If you aren’t a real estate agent yourself, it’s absolutely necessary that you find an agent who already sells investment properties and can identify homes that buyers would want. It’s also great to have an agent on your side who can help you get a solid price on flip properties. Without a real estate agent, it would be nearly impossible to succeed in the fix-and-flip market, as they’re the pros that will know what the market is doing. Buy a home at the wrong time and the whole flip could be in jeopardy. Build up a relationship with a real estate agent or Realtor who can help you out in the long term.
When you’re taking houses down to the bones, you need an architect who will ensure that a home is structurally sound and has an up-to-date, appealing layout.
A Local Appraiser
A savvy appraiser in your city will help you determine what you can pay on the house so you turn a profit after renovations. Read how you can avoid a catastrophous home appraisal.
A Commercial Insurance Agent
Don’t flip homes without an insurance policy behind you. A commercial insurance agent will help you avoid risks and get the best deal on a policy.
Unless you’re a contractor yourself, it’s quite difficult to flip a home without contractors. Find a skilled team who can do everything from landscaping to carpentry to plumbing because you never know what obstacles you’ll run into when designing the home.
Getting a stager for the home can make the difference between selling and not making a profit. Your stager should have an eye for design that shows off the home so buyers feel the urge to make an offer.
How much money can you make fixing and flipping homes?
You know that the costs associated with flipping homes include maintenance costs like HOA, landscaping, and property taxes alongside selling costs. But what kind of profit can you realistically expect from fixing and flipping homes?
The gross profit margin for most U.S. flips is around $30,000, but earnings can largely fluctuate between states. The 10 best places in the U.S. to flip homes include Pennsylvania, New Jersey, and Tennessee, where the average profit on a fix-and-flip is around $58,000.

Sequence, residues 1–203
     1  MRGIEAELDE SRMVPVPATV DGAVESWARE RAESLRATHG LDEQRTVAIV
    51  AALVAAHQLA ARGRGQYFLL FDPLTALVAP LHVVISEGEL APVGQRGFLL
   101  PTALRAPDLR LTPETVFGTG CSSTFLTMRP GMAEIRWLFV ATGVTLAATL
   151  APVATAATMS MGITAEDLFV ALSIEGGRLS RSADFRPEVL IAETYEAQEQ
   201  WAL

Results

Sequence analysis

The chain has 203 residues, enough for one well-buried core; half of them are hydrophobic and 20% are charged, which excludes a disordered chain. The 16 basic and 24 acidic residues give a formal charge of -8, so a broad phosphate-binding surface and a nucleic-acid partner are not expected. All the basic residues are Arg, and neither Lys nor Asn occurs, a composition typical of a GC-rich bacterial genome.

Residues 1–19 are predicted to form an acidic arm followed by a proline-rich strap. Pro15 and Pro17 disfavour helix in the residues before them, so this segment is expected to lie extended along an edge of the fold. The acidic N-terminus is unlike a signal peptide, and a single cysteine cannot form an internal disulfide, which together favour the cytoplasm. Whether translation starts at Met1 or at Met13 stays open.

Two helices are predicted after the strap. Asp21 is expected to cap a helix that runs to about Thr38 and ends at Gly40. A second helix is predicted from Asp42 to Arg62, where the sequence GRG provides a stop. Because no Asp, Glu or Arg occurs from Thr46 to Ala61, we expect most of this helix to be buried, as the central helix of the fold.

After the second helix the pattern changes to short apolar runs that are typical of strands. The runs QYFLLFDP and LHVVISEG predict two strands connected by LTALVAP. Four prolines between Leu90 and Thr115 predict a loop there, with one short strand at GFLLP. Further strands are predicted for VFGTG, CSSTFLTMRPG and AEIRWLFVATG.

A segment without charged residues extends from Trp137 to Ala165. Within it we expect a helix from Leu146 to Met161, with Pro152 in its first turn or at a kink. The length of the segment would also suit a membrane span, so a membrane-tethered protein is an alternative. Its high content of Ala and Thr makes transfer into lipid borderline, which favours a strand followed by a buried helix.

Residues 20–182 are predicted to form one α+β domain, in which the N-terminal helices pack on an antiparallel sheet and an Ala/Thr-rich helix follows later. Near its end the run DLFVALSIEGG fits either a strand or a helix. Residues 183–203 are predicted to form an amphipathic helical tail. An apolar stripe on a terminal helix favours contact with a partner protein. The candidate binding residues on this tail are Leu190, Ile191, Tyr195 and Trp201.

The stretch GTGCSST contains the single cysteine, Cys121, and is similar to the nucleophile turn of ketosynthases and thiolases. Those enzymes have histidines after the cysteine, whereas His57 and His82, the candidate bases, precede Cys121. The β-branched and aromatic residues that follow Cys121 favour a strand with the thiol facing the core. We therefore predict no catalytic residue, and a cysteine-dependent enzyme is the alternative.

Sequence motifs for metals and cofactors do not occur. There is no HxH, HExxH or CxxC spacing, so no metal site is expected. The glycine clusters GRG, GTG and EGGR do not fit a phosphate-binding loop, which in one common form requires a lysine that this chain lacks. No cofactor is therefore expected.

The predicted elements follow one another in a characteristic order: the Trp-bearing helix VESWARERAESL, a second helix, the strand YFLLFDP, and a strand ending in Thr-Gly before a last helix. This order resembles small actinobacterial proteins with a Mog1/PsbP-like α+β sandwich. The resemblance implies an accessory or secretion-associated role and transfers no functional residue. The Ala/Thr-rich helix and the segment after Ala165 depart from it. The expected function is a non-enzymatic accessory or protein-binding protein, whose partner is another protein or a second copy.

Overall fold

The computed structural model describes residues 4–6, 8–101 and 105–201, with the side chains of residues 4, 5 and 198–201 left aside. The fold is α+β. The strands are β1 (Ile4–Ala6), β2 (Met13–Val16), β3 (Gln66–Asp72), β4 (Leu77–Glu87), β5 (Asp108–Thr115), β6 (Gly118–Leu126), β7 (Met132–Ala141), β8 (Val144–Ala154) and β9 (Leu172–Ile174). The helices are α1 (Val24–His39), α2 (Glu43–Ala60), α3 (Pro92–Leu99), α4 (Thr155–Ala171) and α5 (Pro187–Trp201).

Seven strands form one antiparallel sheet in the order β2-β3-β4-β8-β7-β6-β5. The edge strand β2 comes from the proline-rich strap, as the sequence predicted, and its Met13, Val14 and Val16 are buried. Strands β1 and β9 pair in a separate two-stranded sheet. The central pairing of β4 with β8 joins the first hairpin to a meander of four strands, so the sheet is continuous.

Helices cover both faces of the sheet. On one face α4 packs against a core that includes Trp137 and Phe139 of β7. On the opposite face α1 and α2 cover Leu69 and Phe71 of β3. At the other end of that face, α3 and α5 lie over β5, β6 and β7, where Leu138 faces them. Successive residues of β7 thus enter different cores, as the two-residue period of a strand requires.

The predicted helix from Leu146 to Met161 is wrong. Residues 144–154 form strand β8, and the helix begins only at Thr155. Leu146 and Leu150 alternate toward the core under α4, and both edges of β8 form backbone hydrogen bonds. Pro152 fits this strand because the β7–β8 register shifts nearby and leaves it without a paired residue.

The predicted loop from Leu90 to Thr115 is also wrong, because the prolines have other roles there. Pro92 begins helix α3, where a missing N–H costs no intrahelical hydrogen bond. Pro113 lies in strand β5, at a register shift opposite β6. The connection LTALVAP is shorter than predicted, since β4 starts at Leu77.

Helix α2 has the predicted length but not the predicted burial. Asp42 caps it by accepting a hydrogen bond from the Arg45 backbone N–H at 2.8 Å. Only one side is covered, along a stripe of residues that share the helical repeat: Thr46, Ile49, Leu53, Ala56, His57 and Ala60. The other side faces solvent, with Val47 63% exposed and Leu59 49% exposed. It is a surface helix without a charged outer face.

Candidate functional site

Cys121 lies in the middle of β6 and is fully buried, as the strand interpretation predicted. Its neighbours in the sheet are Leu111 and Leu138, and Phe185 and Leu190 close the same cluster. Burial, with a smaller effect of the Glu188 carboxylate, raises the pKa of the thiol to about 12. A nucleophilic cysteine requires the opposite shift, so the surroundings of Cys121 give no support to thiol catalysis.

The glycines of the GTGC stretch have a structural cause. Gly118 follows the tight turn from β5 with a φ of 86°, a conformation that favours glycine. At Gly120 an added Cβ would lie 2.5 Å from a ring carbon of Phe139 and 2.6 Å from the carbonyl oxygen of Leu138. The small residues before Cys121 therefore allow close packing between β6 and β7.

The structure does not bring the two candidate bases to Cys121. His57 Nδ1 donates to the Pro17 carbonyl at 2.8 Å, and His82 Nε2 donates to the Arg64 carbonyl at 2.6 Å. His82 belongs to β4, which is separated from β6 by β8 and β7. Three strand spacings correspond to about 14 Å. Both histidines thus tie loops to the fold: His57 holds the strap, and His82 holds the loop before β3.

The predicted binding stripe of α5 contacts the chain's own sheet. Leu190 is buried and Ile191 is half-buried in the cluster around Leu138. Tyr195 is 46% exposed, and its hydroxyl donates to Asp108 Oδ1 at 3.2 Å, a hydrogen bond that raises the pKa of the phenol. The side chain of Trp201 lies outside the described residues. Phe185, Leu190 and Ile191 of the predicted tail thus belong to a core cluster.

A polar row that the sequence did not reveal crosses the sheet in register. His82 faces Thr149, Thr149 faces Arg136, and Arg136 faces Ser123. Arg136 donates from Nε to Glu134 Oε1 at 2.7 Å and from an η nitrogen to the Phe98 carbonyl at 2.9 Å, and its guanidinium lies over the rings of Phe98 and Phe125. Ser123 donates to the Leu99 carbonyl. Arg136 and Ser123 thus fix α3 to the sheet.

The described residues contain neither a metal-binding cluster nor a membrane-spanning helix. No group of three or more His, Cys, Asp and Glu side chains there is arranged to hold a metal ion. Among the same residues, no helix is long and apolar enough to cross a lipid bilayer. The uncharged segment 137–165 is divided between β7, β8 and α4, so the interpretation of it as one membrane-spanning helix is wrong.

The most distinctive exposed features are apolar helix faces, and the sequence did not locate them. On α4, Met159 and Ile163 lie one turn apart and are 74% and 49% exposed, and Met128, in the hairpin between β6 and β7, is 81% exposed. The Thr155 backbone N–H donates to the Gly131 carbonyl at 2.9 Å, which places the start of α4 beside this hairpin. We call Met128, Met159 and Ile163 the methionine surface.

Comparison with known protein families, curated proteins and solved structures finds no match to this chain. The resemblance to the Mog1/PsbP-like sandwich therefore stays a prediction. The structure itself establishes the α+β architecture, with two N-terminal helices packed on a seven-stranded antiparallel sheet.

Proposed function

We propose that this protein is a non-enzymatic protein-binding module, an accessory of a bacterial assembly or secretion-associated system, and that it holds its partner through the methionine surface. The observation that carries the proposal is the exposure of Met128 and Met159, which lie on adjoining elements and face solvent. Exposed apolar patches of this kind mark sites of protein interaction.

Although some flippers can make six figures, managing your expectations at the beginning will ease your experience and streamline the process. Here’s some tips for maximizing your profit and lowering your risk.
When you’re trying to multiply your investment exponentially, it’s easier to do so when dealing in smaller numbers. For example, you’d have a better time of it profiting 10% off a $150,000 than you would with a house three times the price.
Don’t buy the most expensive house around.
Although television shows making flipping a big house seem like a good idea, don’t attempt this early in your career. After all, buyers need a $125,000 down payment to buy a $500,000 house, making such an investment out of reach unless you have a solid network of investors. Plus, expensive houses take longer to fix because larger square footage equals more repairs, materials, and labor. Buyer expectations can be much higher in these price brackets, and it’s harder to recover from legal cases against homes since you’ll have to pay interest while in litigation.
Since it’s more difficult to increase the value of a pricey home, you won’t know for sure how much your profit margin is until you make the sale.